Bette Davis answered, “George Brent” whenever asked to name her favorite co-star. Her longtime crush on the actor (they teamed in eleven films) culminated in an off-screen affair while filming Dark Victory (1939) for which she received an Oscar nomination and Brent gave what many consider his “finest performance.” Hollywood’s top stars clamored to play opposite Brent, who infused his easy-going warmth into such blockbuster films as 42nd Street (1933). Before long, Garbo demanded that MGM cast him opposite her in The Painted Veil (1934). Brent was perfect foil for cinema’s leading ladies: Ruth Chatterton (his second wife), Ginger Rogers, Loretta Young, Claudette Colbert, Barbara Stanwyck, Myrna Loy, Kay Francis, Olivia de Havilland, Joan Fontaine, Hedy Lamarr, Merle Oberon, and Ann Sheridan (his fourth wife). Not to be pigeonholed Brent’s perfection as the dissipated Englishman in The Rains Came (1939) and surprise turn as the heavy in The Spiral Staircase (1946) fueled the longevity of his career.
The personal life of George Brent remained undercover. Upon signing with Warner Bros., studio publicity fabricated a back-story for Brent: a graduate of Dublin University (he dropped out of school at 16); a player in the Abbey Theatre (for which no record exists); a dead mother (who was very much alive); and, a dispatcher for Michael Collins during the Irish Revolution (this . . . was true).
Brent’s biography offers a fascinating look into the life of Hollywood’s elusive lone wolf. Scott O’Brien, whose biography on Ruth Chatterton made The Huffington Post’s “Best Film Books of 2013,” abetted by Irish filmmaker Brian Reddin, sheds new light on Ireland’s gift to Hollywood and its leading ladies: George Brent.
(Foreword by Wesleyan University’s Chair of Film Studies, Jeanine Basinger.) 331 pages with 125 illustrations capture the glamour and private world of Hollywood’s Golden Age.
One of my favorites, Scott O’Brien, has written another excellent biography, George Brent: Ireland’s Gift to Hollywood and Its Leading Ladies ($29.95, BearManor Media softcover). The title might sound a bit long, but O’Brien’s storytelling ability is first-rate.
While never a superstar, George Brent (1904-79) was a major name of the 1930s and ‘40s who appeared with top leading ladies: Kay Francis, Barbara Stanwyck, Joan Fontaine, Ruth Chatterton, Ann Sheridan, Greta Garbo, Joan Blondell, Myrna Loy, Loretta Young, Ginger Rogers, Claudette Colbert, Merle Oberon, Olivia de Havilland, Hedy Lamarr, Bette Davis, et al. With the latter, he made 13 films, notably the classics Jezebel (1938), The Old Maid (1939), and Dark Victory (1939). Many have the impression that Brent was a limited actor, used mainly to support a stronger female partner. Dependable is the way he is most often described. Yet, when given the chance, he turned in some really good performances, in particular The Spiral Staircase (1946). Even in his so-called support performances, he brought a strength that was very appealing, attractive and memorable. Proof of this can be seen in regard to The Old Maid. Initially, Humphrey Bogart was the male lead, but he just wasn’t working out, and he was replaced by Brent. Even when he’s off screen, you remember George Brent.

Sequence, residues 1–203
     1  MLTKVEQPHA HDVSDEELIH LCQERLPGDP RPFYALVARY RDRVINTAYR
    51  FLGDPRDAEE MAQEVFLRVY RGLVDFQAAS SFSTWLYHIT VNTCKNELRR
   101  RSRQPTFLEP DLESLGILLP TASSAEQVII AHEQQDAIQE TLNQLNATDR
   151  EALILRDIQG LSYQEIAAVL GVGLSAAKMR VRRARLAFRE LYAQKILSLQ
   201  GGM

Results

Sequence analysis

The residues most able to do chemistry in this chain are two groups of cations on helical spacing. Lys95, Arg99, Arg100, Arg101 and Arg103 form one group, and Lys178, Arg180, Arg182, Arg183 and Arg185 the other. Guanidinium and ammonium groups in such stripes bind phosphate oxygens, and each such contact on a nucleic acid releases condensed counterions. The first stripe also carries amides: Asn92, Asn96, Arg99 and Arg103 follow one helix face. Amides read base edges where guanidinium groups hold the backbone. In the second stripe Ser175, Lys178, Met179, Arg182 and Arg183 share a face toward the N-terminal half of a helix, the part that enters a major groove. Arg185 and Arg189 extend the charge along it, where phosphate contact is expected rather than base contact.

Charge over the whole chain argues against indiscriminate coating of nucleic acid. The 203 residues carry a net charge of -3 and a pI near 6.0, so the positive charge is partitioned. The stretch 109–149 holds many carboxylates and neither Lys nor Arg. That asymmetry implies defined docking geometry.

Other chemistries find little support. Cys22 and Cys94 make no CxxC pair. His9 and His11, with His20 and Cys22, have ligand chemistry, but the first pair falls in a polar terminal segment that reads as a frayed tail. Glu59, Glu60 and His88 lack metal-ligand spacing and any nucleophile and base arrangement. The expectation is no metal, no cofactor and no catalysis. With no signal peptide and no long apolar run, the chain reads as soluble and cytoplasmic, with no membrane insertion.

In real life, Brent was catnip to the ladies. He was married five times, and three of his wives were actresses: Ruth Chatterton, Constance Worth and Ann Sheridan.
O’Brien adds much to our understanding of Brent. He was a complicated man, not easy to like and sometimes difficult, but I can honestly say that the author etches a fascinating portrait that shows both sides of his personality. Brent might not have been easy to know, but I found him ultimately likable. He often preferred to be a “lone wolf,” and O’Brien conveys this aspect beautifully. How his difficult childhood affected his subsequent life is eye-opening.
It goes without saying that the author has done a tremendous amount of research, and this includes getting Brent’s family involved for a more personal inside look. We have always heard of Brent’s colorful life in Ireland: Dublin University graduate, Abbey Theatre player, and his time with Michael Collins during the Irish Revolution. His childhood has been murky, at best. I cannot even imagine getting to the bottom of all this, especially when it concerns a different country. The research would be a killer. O’Brien, as always, makes it look easy and sorts fact from fiction. His sources are extensive and, unlike hack writers, O’Brien provides pages of documentation.
The movies are not neglected. O’Brien has a rare skill in describing movies and their memorable and not-so-memorable moments. He truly loves film and whether it is good or bad, it will get a fair assessment. Brent is usually relegated to that “dependable” tag, so to see an analysis of all his performances is welcome.
You will find no dirt here, just an excellent, honest and well-written biography of an under-appreciated actor at last getting his due. Icing on the cake: 125 illustrations, including one from 1926, before Brent’s nose job. Talk about shocking! Foreword is by the terrific Jeanine Basinger."
- Laura Wagner, Classic Images